It sounds like an April Fool’s news story. But it’s not. Over the weekend a report emerged that should make everyone shake their heads. A brand new, unwanted high speed ferry worth $80 Million was put up for auction receiving only one bid of $750,000.
The 200 foot vessel was christened in 2010. Built in Southeast Alaska it was designed for use in the Southcentral area of the state. Only problem? There is no dock or plans to build any docking facilities for the ferry.
So what happened?
In a nutshell, a boat designer convinced the state of Alaska and the Department of Defense that he could create a new type of boat that could be raised or lowered in the water providing icebreaking ability. This high speed vessel would be used to ferry residents the length of Cook Inlet and would be available for rapid deployment in case a disaster, such as an emergency plane landing in the inlet.
It sounds good on paper right?
Imagine with me a whole bunch of guys spending other peoples’ money talking about this idea. You might call them ‘Yes-Men’. Imagine the adjectives being tossed around: novel, new technology, rapid response, ground breaking. . . Sure, they all said, “Let’s build it!”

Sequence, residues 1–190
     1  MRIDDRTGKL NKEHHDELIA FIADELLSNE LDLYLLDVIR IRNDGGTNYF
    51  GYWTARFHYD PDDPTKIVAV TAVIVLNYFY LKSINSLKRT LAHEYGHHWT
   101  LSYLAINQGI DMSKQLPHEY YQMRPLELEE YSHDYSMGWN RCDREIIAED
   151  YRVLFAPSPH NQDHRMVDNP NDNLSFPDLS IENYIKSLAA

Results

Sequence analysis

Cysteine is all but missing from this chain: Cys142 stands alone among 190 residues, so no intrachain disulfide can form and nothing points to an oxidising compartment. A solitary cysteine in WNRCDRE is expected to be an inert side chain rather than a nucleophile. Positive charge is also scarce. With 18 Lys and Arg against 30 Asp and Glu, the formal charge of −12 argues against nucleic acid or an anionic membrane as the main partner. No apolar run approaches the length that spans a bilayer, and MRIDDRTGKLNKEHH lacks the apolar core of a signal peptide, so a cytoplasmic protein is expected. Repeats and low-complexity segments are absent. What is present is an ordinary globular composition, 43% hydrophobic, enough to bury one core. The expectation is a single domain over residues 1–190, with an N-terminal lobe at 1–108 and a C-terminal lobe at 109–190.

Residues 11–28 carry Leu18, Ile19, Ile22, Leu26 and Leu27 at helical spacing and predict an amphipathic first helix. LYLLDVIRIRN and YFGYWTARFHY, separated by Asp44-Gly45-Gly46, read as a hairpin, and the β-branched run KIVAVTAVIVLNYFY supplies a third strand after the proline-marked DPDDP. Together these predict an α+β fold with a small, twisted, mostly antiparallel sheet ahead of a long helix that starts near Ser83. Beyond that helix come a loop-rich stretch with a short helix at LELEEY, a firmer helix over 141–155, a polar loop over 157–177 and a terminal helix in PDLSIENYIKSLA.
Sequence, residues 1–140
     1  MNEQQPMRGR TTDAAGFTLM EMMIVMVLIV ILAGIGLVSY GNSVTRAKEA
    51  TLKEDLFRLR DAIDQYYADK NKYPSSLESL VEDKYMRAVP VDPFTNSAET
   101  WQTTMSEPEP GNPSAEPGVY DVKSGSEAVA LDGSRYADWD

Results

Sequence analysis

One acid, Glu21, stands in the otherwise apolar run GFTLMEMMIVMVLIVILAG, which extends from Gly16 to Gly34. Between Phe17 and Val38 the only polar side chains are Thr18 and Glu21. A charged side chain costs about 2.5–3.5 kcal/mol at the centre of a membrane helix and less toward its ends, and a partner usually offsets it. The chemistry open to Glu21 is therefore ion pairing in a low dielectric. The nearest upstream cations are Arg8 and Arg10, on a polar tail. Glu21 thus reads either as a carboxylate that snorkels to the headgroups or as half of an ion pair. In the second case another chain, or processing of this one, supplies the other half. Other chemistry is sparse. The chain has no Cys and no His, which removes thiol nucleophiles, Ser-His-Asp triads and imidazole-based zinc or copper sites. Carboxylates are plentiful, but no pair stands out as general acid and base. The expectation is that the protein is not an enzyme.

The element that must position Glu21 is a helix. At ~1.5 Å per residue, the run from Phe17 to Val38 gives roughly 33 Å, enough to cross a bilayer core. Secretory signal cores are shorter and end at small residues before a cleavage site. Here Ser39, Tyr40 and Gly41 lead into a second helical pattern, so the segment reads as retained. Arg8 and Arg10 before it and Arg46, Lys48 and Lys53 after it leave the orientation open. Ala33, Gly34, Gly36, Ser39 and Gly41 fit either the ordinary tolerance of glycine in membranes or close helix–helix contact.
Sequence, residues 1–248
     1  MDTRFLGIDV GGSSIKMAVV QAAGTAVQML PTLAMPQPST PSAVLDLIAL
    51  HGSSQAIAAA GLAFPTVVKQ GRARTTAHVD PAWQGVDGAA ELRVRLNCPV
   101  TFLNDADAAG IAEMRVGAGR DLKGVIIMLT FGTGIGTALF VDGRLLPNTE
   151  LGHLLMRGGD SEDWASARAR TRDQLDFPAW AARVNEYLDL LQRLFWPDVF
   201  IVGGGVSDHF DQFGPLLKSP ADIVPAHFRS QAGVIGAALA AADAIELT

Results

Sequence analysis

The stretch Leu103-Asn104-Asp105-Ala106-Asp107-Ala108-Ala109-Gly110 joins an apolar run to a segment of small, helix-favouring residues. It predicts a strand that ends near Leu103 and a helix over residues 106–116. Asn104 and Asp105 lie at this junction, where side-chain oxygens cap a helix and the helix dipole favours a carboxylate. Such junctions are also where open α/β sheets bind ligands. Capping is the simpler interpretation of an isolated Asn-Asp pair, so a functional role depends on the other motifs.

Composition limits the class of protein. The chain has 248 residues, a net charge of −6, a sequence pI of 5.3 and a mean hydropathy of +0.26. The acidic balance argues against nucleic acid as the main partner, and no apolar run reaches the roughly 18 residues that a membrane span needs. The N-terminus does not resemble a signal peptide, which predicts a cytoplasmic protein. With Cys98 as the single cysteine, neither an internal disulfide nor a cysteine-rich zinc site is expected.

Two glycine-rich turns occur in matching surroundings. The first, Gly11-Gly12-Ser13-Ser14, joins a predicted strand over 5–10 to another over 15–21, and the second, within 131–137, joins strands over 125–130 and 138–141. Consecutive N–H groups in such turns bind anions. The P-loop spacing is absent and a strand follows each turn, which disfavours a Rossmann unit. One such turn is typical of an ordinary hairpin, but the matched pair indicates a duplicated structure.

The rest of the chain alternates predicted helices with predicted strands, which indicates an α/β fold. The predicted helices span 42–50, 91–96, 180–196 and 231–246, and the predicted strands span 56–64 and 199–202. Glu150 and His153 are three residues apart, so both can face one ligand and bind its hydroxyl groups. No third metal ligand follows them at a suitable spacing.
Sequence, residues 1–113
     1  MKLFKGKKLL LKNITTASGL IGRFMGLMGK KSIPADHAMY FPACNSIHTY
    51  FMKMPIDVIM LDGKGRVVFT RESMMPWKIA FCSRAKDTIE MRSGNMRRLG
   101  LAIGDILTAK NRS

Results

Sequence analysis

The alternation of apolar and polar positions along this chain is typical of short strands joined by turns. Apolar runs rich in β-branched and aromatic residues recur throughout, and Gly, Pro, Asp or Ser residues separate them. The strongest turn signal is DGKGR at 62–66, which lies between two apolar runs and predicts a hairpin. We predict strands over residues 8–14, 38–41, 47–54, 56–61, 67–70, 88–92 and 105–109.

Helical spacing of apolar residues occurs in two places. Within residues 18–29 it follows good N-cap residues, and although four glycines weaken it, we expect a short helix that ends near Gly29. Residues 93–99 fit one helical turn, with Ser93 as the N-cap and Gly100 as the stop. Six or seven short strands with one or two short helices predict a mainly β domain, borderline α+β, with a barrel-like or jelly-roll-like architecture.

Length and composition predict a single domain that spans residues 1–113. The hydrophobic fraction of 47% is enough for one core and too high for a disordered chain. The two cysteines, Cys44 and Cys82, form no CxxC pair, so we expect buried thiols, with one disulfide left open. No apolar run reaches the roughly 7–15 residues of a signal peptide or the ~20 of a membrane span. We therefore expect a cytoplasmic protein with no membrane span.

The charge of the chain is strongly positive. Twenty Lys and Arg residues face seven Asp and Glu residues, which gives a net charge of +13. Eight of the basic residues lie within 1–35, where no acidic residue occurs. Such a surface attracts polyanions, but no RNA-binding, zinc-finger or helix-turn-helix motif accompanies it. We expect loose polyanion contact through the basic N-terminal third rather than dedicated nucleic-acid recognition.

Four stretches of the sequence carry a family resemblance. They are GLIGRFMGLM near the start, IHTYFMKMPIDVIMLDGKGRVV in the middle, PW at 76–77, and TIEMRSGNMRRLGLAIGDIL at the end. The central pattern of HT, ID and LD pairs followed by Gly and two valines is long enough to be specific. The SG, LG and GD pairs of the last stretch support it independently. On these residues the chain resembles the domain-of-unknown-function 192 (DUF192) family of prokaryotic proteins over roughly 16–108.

But what about the cost?
The population of the entire borough this ferry would serve was only 80,000 residents. In fact, Alaska’s most populated city of Anchorage hovers at 300,000. A pricey endeavor for a small population. Luckily, the Navy was interested and because they were, much of the money was paid from the DoD budget. Alaska Senator Ted Stevens was said to be instrumental in getting the earmarks for this pork project added. (Yes, he was a Republican.)
After its completion, a state study discovered the boat can hold 134 passengers but only 20 vehicles, and burns 375 gallons of fuel an hour. A state ferry with a similar capacity, the Lituya, burns 55 gallons an hour. The borough and the state decided they really couldn’t use it. It was too expensive and docks currently within the state ferry system would have to be reconfigured.
Here we are three years later. It costs the state $75,000 each month to maintain and now we know nobody else even wants to bid on this white elephant…or should we say orca?
One has to wonder, in light of the severe military cuts via the sequestration, how many veterans college tuition costs would have been covered if the federal government had just thought this project through?